When I first arrive at a networking event the first thing I do is look for someone new to meet. I introduce myself and try to determine if there is some way I can help them or that we can work together. If they begin their “sales pitch” I quickly excuse myself and move on to someone else. I rarely hang out with the people I know.
Because your networking goal should be to help others first. Selling comes much later after you have developed a good relationship with them.
If you see a group of several people talking, use caution when approaching them. You may be interrupting an important discussion. It’s smart to come along side of the group, but do not attempt to enter into the discussion until you’ve made eye contact with everyone. It’s important to wait before joining the conversation until you listen and know what they are talking about and determine whether you can contribute something.
If the group doesn’t open up, you should move on. If several people move as if to allow you to become part of the group that’s when I move a little closer to their circle. Andrew Griffiths once said, “When we are in a group we behave a bit like penguins – we will shuffle to let other penguins in and then huddle back together.”
Opening up is usually a signal that you are being invited to become a part of their conversation. If that happens, listen and wait for an appropriate time to share something of value. If you enter a group and start taking over the conversation, the group will disband and you will be left on your own. To barge into a group is rude.
When someone is talking to you, make it a point to look directly at them. Giving them your full attention with your eyes will encourage them to share more with the group and with you. Don’t stare. It’s not a “stare-down” contest. The point is to give them your “full” – that means 100% of your attention.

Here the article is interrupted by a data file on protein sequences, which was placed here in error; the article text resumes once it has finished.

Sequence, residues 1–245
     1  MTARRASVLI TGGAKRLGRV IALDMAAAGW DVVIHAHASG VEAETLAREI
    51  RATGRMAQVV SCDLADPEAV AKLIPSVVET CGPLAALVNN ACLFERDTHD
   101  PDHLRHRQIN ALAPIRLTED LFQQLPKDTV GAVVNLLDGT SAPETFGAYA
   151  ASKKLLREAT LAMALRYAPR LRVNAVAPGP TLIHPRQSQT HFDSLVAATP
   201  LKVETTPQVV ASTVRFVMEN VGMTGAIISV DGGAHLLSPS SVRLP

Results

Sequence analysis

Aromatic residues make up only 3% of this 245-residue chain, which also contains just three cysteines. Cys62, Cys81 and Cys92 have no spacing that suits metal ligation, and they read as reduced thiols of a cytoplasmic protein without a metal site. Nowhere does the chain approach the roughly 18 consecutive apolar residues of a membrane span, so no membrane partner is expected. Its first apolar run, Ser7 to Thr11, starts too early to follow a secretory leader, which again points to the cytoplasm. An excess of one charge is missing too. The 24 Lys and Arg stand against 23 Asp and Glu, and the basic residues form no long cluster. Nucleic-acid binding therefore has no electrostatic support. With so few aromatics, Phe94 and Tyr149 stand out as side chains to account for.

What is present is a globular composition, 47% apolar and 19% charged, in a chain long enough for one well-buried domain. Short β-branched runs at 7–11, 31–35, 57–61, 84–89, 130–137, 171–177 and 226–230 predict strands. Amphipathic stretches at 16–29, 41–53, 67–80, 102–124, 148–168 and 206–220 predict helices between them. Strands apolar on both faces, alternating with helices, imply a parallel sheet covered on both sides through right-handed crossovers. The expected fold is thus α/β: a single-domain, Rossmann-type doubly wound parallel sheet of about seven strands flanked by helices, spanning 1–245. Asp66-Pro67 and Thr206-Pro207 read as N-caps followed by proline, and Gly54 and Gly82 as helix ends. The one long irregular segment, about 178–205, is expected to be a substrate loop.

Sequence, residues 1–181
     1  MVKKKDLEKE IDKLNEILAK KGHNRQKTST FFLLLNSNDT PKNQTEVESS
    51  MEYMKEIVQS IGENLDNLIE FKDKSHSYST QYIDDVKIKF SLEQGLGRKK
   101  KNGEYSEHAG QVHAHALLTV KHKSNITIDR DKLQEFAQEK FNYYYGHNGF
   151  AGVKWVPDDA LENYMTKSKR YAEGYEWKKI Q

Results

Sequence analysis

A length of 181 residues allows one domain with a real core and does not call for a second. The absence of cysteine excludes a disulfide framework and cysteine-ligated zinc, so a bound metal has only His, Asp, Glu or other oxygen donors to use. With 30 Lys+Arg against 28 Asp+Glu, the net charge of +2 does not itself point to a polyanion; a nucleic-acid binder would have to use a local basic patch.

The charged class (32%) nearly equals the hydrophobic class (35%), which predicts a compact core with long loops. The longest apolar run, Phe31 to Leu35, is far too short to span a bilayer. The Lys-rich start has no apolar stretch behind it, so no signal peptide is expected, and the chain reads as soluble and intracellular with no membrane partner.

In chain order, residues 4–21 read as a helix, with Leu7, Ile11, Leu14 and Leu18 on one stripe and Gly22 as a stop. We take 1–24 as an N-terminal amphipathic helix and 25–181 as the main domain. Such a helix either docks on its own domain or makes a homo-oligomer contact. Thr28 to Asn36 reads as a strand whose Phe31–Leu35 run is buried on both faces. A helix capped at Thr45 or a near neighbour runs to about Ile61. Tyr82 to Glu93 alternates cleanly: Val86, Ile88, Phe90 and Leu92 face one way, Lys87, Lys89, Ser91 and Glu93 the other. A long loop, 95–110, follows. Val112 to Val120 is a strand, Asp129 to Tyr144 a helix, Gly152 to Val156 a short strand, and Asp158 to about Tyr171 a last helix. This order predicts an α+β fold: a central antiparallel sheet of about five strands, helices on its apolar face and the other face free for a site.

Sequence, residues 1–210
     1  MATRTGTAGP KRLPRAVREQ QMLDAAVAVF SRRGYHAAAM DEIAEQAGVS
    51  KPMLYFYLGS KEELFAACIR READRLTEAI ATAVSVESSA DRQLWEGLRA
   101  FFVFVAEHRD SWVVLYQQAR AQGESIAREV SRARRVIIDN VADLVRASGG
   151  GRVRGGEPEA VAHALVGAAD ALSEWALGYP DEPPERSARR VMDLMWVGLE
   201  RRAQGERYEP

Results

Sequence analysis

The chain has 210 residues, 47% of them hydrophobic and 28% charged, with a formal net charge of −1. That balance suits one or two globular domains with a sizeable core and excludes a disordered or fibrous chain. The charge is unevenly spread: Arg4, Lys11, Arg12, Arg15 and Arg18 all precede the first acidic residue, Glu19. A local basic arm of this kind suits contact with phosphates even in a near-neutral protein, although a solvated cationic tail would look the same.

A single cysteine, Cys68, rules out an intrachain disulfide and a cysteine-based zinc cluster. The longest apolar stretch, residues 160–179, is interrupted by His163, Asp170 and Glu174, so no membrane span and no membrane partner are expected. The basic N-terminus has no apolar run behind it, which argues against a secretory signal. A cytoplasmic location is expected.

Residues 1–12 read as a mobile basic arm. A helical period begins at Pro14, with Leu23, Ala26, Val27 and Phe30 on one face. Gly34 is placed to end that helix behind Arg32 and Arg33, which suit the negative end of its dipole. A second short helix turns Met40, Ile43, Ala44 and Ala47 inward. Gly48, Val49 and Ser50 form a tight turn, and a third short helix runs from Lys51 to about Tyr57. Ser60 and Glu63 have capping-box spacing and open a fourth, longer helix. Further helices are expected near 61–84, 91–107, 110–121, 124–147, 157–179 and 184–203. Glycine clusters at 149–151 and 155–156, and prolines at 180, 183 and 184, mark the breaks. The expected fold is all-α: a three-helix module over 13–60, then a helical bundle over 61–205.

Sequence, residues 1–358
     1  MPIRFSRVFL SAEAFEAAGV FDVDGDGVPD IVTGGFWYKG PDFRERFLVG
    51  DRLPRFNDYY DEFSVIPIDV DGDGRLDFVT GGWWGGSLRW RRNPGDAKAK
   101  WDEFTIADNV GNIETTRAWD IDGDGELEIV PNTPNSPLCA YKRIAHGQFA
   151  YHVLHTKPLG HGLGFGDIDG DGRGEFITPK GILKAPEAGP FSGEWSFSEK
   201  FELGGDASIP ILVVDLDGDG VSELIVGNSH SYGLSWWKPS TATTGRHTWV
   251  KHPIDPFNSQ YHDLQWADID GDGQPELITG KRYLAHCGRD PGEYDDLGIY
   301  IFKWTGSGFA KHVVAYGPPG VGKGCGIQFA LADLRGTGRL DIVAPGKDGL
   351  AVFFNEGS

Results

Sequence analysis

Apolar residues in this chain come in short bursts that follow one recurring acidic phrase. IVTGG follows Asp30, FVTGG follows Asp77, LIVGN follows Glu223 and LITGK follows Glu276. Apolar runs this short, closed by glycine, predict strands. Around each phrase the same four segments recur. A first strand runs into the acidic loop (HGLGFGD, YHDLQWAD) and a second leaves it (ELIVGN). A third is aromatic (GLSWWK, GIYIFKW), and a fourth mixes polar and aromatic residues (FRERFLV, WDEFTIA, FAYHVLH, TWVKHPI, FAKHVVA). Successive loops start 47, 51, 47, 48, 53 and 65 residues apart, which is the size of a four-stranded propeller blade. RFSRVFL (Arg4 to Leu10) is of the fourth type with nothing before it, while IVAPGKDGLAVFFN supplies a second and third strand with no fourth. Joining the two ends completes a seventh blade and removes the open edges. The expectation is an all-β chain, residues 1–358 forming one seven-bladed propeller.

It is also important to initiate conversations with people who are standing by themselves. They are usually happy to have someone to talk with. Make small talk. Be creative with your small talk. Never be boring. How can you help them? Be sure to repeat their first name several times to make them feel good and to help you remember it.
Here are 5 questions that will help you keep the conversation going:
1. What do you like most about what you do?
2. You mentioned that you were in [industry]. What got you started in that direction?
3. What are some of your biggest challenges?
4. Where else do you usually network?
5. How can I help you? or How can we help each other?
Take time to communicate with the people you meet. Find out as much as you can about them and if you can’t see a way to help them or to do business together it’s okay to excuse yourself and move on to your next person.
Helping others is the focus. Demonstrate your networking skills by introducing each new person you meet to at least one other person at the event.
Copyright © 2012 – Larry James. Adapted from Larry’s latest book, Ten Commitments of Networking: Creative Ways to Maximize Your Personal Connections! Larry James is a Professional Speaker, Author and Coach. He presents networking seminars nationally and “Networking” coaching by telephone or one-on-one. Something NEW about Networking is posted on this Networking BLOG every 4th day! Visit Larry’s Networking Website at: “Networking HQ!”
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